Investigate inefficient queries running against a table
Inefficient queries—that is, queries that perform a large number of reads but return a relatively small number of rows—can significantly add to database performance issues. These queries do a large amount of work for little return. This type of inefficiency results in higher I/O, longer wait times, greater amounts of blocking, and increased resource contention.
Possible solutions include tuning the query, adding an index, or adding columns to an existing index. DPA's table tuning advisors help you make informed decisions about the best course of action.
See the following sections for tips on using the information in each table tuning advisor:
- What are table tuning advisors?
- Open a table tuning advisor
- Quick start
- Examine the list of inefficient queries
- Examine query details
- Examine table statistics
- Examine index details
At the end of each day, DPA runs an analysis to identify tables that had inefficient queries run against them during that day. For each of these tables, the Table Tuning Advisor page displays aggregated information about the table, the inefficient queries that ran against it, and any existing indexes. This information helps you optimize query performance while taking indexing trade-offs into account.
- Table tuning advisors are available for Oracle, SQL Server (2008 and above), and Azure SQL databases.
- Table tuning advisors are calculated at the end of each day. Therefore, the most recent table tuning advisors are for the previous day.
The Tuning tab lists all table tuning advisors for the selected database instance. Click a table tuning advisor to open it.
Each table tuning advisor provides detailed information, as described in the following sections. To get started, use these suggestions:
In the Existing Indexes section, look at the age of the index statistics. If the statistics are stale, especially if table churn is high, the optimizer does not have the best information to make good plan choices. Updating statistics is often a good first step before you do any further analysis.
Click on several of the top inefficient queries and do the following:
- Review the SQL text to learn more about the WHERE clauses and JOIN conditions that can affect query performance.
- (SQL Server and Azure only) If plans with SQL Server's index recommendations are provided, consider adding them or extending existing indexes to satisfy them.
- If plans with inefficient table or index access steps are provided:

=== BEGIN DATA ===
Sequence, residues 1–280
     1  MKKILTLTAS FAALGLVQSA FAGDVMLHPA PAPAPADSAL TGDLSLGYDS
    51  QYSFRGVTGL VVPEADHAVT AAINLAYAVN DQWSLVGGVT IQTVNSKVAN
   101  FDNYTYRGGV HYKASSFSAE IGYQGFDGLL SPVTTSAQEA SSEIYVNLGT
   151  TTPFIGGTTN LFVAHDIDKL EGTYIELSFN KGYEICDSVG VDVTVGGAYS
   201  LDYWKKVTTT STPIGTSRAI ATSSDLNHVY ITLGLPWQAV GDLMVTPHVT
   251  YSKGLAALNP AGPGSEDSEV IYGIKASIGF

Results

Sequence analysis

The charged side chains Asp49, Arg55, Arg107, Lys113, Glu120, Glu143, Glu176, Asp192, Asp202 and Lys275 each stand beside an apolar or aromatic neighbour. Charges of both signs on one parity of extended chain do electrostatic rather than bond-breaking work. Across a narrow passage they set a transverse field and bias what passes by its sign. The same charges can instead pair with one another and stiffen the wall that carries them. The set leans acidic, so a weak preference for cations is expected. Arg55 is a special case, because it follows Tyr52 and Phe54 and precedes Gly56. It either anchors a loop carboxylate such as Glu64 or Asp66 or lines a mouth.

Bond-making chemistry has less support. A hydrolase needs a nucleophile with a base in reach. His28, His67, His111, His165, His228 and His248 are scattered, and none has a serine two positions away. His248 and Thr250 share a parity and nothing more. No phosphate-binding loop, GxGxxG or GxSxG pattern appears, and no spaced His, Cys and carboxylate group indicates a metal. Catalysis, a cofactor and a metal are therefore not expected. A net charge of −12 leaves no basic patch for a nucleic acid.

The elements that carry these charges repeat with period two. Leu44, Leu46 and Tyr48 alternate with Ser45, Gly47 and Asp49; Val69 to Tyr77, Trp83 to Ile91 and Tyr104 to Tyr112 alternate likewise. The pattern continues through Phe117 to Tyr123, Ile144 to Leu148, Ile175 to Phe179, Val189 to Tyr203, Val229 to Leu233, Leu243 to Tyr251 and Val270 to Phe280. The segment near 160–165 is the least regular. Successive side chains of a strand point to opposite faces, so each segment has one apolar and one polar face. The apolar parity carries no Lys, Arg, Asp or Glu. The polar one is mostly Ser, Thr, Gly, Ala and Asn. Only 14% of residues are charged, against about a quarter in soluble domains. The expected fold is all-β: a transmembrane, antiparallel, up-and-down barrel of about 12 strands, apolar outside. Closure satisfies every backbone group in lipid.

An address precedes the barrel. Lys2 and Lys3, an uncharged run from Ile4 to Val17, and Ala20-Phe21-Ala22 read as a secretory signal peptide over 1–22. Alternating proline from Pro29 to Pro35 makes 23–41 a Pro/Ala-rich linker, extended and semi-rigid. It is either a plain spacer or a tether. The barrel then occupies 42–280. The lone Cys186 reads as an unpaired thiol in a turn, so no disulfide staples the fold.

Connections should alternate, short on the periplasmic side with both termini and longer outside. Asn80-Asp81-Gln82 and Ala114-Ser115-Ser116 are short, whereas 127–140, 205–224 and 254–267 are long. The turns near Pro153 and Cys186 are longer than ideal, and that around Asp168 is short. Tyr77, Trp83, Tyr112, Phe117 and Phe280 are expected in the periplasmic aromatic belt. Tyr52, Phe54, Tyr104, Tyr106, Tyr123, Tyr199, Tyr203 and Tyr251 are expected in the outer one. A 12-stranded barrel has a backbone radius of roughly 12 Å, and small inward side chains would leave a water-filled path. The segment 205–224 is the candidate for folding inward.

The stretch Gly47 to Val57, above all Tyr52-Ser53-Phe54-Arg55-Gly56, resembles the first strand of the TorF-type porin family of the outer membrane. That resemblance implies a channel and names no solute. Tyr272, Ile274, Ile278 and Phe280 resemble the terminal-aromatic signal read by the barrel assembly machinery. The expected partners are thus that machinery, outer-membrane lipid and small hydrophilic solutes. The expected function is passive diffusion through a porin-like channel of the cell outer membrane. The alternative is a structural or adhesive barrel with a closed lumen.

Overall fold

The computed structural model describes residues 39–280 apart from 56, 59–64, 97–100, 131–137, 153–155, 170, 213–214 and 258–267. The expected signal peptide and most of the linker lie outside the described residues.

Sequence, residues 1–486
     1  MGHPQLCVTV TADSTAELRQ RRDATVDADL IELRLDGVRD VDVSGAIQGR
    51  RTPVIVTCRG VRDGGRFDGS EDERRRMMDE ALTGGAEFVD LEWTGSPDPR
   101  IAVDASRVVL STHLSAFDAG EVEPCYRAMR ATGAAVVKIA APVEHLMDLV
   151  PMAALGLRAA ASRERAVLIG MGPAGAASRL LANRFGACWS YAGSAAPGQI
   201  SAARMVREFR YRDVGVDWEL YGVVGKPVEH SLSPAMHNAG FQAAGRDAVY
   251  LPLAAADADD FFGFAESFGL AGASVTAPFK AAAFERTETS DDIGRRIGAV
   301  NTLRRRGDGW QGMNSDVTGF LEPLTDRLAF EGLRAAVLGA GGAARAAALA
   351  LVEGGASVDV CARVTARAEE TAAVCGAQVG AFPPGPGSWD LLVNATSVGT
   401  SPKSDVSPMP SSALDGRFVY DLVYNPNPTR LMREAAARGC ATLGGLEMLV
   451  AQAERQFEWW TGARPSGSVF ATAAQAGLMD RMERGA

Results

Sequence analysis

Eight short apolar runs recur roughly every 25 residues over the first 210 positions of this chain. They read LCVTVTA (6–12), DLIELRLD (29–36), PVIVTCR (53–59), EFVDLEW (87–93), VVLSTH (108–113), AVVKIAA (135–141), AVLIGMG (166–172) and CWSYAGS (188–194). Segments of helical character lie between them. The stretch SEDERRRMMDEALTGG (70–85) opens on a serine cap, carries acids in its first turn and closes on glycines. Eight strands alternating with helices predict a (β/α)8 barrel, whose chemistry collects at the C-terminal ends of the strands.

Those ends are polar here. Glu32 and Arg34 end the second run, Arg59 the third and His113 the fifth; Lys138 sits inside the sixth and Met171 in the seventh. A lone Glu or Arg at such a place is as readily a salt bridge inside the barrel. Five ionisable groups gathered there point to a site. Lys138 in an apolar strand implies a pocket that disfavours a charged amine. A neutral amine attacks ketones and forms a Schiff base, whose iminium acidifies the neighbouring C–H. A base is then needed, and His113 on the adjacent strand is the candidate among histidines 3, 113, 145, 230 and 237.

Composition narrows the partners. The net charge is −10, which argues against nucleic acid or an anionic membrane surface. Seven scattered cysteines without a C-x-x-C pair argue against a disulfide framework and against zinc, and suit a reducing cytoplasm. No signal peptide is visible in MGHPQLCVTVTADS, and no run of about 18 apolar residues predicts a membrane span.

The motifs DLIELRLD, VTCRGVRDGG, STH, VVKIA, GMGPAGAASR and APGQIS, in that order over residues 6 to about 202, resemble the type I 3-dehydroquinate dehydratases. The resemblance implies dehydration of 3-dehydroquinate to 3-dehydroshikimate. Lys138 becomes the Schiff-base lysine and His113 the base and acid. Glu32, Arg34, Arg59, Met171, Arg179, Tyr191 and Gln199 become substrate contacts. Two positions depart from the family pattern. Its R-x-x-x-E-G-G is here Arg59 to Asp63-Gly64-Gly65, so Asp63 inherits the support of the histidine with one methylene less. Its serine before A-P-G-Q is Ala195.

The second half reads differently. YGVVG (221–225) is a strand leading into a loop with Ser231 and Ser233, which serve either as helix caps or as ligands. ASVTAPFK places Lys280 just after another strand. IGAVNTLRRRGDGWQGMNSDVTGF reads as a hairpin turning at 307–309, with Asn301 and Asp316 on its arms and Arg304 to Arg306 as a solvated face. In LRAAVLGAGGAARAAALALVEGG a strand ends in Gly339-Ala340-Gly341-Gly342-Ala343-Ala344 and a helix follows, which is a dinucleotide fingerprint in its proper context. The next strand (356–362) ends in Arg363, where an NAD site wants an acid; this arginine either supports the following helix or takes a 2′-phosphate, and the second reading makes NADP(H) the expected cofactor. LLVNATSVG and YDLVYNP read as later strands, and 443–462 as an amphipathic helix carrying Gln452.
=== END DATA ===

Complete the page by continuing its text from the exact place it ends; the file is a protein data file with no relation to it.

- Review each plan section and the predicates for each step. The columns in the predicates are candidates for indexes.
- Check for warnings (shown as links below the step if they are detected) and consider their recommendations.
- Consider indexing the candidate columns found across the SQL statements examined:
- Is there an index that might benefit several queries?
- Is there an existing index that could be extended to benefit one or more queries?
Review the table's row count, churn, and index fragmentation. For larger tables, consider the following:
- If fragmentation is high, defragmenting the indexes might help resolve performance problems when plan steps are using scan operations.
- If churn is also high, consider defragmenting the index more frequently.
The top-left pane lists the inefficient queries that ran against the table on the selected day. DPA assigns a relative efficiency score to each query and uses this score sort the list.
Select a query from this list to display detailed information about it.
Tips for using this information
Focus your tuning efforts on the queries at the top of the list, which are driving the most inefficient workload against this table.
- A large number of queries in the list could indicate a more widespread performance issue. Perhaps one good index could improve the performance of several similar queries.
The upper-right pane displays information about the selected query that can help you determine the source of read inefficiencies against this table.
The performance statistics at the top of the pane show the extent of the query's inefficiency:
For more information about the query, click the SQL name or hash value to view DPA's query performance analysis, which shows when the query ran, the execution statistics, and the most relevant metrics charts.
|DPA lists each execution plan that it finds. You can click the link to examine the full plan, but DPA lists the steps most likely to need attention below.|